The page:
The world has been divided… the oceans are no longer safe, taken over by a mysterious fleet of incredibly advanced sentient ships known as the Fleet of Fog who appeared out of nowhere, blockaded all of the world’s ports, and cut off all communication by air or water – effectively isolating the world’s nations from each other and causing the gradual decline of civilization. One of these ships was recovered and kept in dry-dock, but all attempts to try to access it or even study it have led to nothing…. until one day, years later, when Chihaya Gunzou – a young outcast at a Japanese naval academy – approaches it, it begins to show signs of activity…
As mentioned, the Fleet of Fog’s ships are sentient – they operate without crew or captain… mostly that is. Many of these ships have ‘Mental Models’, physical representations of the sentient aspect of the ship that are able to act independently from the ship. Our main character’s ship – the I401 – is represented by a small, blue-haired girl named Iona. It is in this form that she first interacts with our protagonist. After being awakened by him, the one command she has is to make contact with him.
This contact provides us with a form of prologue to get some basic introduction to things, but it doesn’t work all that well. This slow start, and this attempt at introduction completely fails at both creating intrigue and grabbing attention. To be quite blunt, it was very difficult to push myself to watch past the first episode…
I am glad I did, though. It is here that you begin to be introduced to the various other Mental Models of the Fleet of Fog, and that you begin to see the way things really are in the world. The Fleet of Fog, meant to be sentient but completely and entirely devoted to a code they call the ‘Admiralty Code’. begin to start acting of their own desires and it is in this that the real story unfolds.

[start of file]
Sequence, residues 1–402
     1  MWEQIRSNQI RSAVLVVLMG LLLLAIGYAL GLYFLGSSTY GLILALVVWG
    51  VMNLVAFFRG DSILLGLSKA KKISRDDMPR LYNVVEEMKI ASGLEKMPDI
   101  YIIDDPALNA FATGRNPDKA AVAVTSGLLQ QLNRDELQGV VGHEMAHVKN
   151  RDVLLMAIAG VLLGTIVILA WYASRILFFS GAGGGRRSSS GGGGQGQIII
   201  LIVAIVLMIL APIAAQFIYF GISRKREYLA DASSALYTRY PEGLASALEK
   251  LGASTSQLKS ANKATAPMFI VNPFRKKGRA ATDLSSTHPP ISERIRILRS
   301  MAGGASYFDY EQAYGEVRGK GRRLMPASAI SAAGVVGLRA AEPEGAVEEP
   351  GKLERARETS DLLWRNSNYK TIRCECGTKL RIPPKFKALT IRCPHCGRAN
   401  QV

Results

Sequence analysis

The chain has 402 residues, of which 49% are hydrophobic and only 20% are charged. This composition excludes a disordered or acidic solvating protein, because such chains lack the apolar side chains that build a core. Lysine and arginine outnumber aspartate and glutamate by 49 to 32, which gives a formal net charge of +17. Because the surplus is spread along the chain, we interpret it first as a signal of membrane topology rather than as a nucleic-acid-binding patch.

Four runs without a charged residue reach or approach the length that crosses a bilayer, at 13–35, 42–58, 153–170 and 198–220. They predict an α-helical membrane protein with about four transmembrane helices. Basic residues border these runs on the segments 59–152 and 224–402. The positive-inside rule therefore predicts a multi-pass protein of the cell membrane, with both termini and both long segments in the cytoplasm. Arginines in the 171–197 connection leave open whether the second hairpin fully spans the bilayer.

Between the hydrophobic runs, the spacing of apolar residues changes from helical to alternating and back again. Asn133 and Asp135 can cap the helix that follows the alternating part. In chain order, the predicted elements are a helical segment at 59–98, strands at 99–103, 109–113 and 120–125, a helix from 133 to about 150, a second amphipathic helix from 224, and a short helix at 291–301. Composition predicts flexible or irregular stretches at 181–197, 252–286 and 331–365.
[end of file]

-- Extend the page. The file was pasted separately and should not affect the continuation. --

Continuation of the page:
Like many recent anime releases, this show also features a bit of a harem vibe, with multiple characters showing an awkward level of interest in Gunzou. Not to the level of a lot of anime these days, but it’s definitely present. They use this to show development from these Mental Models as they gradually lose their blind devotion to their Code, and begin to show true personalities. It is in this that the real interest of this show can be seen…
Fortunately, the show takes some time to poke fun at the harem concept itself with a few interesting counterpoints… they’d be spoiling some pretty good scenes to go into too much detail, so I won’t – but it does create some of the most entertaining and humourous moments in the series.
War for the Ocean
While this show does have a pretty strong focus on the characters, and the story is really fascinating… they also do a lot of ship-to-ship warfare. Like most ship-based battling, there’s of strategic discussion on the bridge accompanied with your actual battle. Fortunately, thanks to the fact that the technical terms are kept fairly self-explanatory, you’re rarely left wondering what they’re talking about. And the action itself, while slow, is quite interesting – although the outcome is rarely a surprise.
The concepts seen here are not exactly completely new, but the way they’re applied to the show creates a unique and engaging show – once you get past that slow opener. With good character development, a well-used sense of humour, and accessible jargon, Arpeggio of Blue Steel is a show that I find myself wishing wasn’t going to end with just one season. Oh… and the opening is addictive and entertaining.